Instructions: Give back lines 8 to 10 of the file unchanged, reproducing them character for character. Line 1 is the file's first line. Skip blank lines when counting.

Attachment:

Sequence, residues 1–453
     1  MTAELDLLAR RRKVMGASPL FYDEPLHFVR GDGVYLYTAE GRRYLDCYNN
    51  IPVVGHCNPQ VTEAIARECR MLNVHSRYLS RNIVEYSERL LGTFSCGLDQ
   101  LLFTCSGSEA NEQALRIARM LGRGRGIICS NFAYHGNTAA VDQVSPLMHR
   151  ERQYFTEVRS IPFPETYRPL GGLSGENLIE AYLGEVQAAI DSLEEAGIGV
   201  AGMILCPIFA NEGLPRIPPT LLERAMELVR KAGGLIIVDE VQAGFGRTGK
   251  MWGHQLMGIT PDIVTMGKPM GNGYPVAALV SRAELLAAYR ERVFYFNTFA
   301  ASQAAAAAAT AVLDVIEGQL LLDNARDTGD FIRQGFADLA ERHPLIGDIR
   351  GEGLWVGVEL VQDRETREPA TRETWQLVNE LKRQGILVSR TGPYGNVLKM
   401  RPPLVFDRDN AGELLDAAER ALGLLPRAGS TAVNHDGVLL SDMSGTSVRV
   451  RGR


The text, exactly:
   301  ASQAAAAAAT AVLDVIEGQL LLDNARDTGD FIRQGFADLA ERHPLIGDIR
   351  GEGLWVGVEL VQDRETREPA TRETWQLVNE LKRQGILVSR TGPYGNVLKM
   401  RPPLVFDRDN AGELLDAAER ALGLLPRAGS TAVNHDGVLL SDMSGTSVRV